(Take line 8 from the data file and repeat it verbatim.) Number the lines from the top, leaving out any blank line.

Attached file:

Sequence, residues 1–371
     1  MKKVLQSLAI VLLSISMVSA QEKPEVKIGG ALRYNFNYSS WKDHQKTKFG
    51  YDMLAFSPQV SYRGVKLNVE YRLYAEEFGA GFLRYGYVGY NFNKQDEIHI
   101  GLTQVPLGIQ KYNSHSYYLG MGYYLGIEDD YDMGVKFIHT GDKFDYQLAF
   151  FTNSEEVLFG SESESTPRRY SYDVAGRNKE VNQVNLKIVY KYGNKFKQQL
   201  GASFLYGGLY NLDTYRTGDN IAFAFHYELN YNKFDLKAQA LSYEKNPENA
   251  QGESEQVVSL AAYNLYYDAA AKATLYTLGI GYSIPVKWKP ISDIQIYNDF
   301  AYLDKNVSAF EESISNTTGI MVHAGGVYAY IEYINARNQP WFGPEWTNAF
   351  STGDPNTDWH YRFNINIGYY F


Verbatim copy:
   301  AYLDKNVSAF EESISNTTGI MVHAGGVYAY IEYINARNQP WFGPEWTNAF